How to Determine if Inpatient or Residential Anorexia Treatment is Necessary?

Contributor: Jacquelyn Ekern, MS, LPC. Founder of Eating Disorder Hope

Anorexia Nervosa, the most deadly of all eating disorders, has the highest mortality rate of any mental illness {1}. With these figures in mind, it is crucial that those who suffer from this debilitating disease receive expert care and as early of intervention as possible.

Human life: invaluable and irreplaceable, is at stake whenever someone is struggling with anorexia.

Previous clients of mine have struggled with varying degrees of anorexia nervosa symptoms and effects. While working with these precious people, I found that almost nobody wanted to go to a higher level of care. Independence is valued by all of us, and no less by those engaged in a life and death struggle with anorexia.

Seeking the Highest Level of Care Possible

However, once a life is endangered, it makes sense to seek the highest level of care needed to preserve life! It may be helpful for the sufferer to consider that taking one step back (into more intensive treatment) will likely launch them two steps forward (greater recovery and health).

Hence, short term sacrifice is needed for long term gain. This common sense approach might provide the insight ad hope needed to make this crucial decision that is so frightening for many.

Determining If Inpatient Care Is Needed

Some basic rules of thumb for determining if inpatient treatment for Anorexia is needed include:

  • Suicidal ideation
  • Physical complications worsen or are life threatening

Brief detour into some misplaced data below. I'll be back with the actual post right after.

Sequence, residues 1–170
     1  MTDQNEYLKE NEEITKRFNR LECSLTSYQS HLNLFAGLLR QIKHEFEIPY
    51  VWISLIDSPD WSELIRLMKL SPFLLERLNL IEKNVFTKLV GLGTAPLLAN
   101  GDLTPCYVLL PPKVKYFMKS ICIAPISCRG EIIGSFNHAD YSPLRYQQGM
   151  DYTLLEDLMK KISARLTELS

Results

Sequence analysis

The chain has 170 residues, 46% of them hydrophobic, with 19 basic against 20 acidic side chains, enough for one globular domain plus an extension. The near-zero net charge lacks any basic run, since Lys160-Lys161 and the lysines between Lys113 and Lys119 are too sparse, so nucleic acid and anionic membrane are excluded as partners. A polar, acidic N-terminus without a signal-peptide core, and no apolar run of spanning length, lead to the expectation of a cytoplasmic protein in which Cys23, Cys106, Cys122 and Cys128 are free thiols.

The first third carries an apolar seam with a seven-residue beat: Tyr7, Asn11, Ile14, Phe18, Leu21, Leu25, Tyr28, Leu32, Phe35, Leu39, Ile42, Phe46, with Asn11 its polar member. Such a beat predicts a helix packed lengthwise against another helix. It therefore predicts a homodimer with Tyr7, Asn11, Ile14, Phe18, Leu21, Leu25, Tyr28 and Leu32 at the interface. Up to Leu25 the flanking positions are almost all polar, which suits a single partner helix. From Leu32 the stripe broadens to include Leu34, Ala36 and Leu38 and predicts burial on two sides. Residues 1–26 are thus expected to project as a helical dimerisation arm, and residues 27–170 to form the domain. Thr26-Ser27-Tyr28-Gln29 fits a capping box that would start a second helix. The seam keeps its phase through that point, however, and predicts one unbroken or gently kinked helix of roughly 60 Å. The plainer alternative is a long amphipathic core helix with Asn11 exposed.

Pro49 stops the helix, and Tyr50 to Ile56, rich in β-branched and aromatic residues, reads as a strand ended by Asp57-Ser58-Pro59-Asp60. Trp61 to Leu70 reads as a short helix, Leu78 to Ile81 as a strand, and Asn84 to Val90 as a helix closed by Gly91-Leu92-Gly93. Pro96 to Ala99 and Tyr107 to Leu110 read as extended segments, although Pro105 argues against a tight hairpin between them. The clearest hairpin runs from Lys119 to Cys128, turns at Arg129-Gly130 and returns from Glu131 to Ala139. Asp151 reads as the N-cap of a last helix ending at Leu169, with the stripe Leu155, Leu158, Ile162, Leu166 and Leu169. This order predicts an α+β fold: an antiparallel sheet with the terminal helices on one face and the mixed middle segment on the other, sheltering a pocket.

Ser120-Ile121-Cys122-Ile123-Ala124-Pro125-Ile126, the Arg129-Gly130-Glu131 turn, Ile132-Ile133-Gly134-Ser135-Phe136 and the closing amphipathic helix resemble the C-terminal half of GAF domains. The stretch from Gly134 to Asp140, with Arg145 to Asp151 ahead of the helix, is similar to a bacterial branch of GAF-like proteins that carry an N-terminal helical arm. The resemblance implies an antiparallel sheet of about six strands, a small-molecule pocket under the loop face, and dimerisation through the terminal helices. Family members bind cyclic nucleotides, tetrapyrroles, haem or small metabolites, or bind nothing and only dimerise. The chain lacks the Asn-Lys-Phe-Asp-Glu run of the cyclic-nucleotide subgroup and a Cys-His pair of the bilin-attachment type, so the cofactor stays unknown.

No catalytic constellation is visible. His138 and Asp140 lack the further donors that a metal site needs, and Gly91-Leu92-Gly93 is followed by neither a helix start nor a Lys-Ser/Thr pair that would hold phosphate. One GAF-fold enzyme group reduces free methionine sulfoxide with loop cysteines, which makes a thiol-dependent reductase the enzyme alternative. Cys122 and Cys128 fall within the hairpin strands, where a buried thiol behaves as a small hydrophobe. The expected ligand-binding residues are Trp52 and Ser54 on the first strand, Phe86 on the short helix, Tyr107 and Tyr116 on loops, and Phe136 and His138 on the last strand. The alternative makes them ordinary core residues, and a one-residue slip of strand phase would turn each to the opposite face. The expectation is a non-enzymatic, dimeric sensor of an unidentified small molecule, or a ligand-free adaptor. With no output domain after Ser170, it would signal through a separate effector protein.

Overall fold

• Lab findings suggest acute risk

Residential care may be the best fit for the anorexia sufferer who experiences:

  • Lack of recovery progress with lower levels of care, such as outpatient, intensive outpatient or partial hospitalization treatment
  • Psychological impairment
  • No life threatening physical complications {2}

The decision to proceed with going away from the comforts of home to seek recovery from Anorexia Nervosa is a monumental one! It is completely normal to feel a myriad of emotions: hope, fear, anxiety, embarrassment, etc.

Know that the sufferer will likely be all over the board as they carefully weigh the pros and cons of residential or inpatient treatment for their eating disorder.

Acting Quickly and Efficiently

eye-278148_640Once it is determined that the greater level of care is needed, it is important to act quickly to ensure the health and well-being of the anorexia sufferer. There are numerous sources for information on inpatient and residential treatment programs.

Top sources for treatment referral include:

  • Existing eating disorder treatment team’s recommendations
  • Eating Disorder Hope’s National Eating Disorder Treatment Directory
  • The National Eating Disorder Associations Treatment Directory (
  • The Academy of Eating Disorders Treatment Directory (

The next important step is to visit the websites and call the treatment centers that seem to be the best fit for you or your loved one. Ask questions and learn as much as you can about the facilities.

Some important factors to consider in narrowing down your possible choices are:

  • Proximity to home?
  • Insurance coverage?
  • Fit for the personality and needs of the anorexia sufferer?
  • Types of therapies and treatment offered?
  • Capacity to treat co-occurring disorders, if present?
  • Overall Quality of the treatment program?
  • Accreditation of the program?
  • Expertise of the staff?

Finally, be prepared to endure the stress of the transition to treatment and the inevitable accompanying anxiety this will create.

Making well thought out decisions regarding packing, travel plans, financial arrangements, visiting plans and more will help to make this important decision and action to pursue a higher level of care as smooth as possible.

Community Discussion – Share your thoughts here!

What is your experience with deciding between inpatient and residential treatment, what were the deciding factors you used?


  1. Sullivan, P. (1995). American Journal of Psychiatry, 152 (7), 10731074.
  2. (n.d.). Retrieved December 23, 2015, from

Last Updated & Reviewed By: Jacquelyn Ekern, MS, LPC on January 1st, 2015
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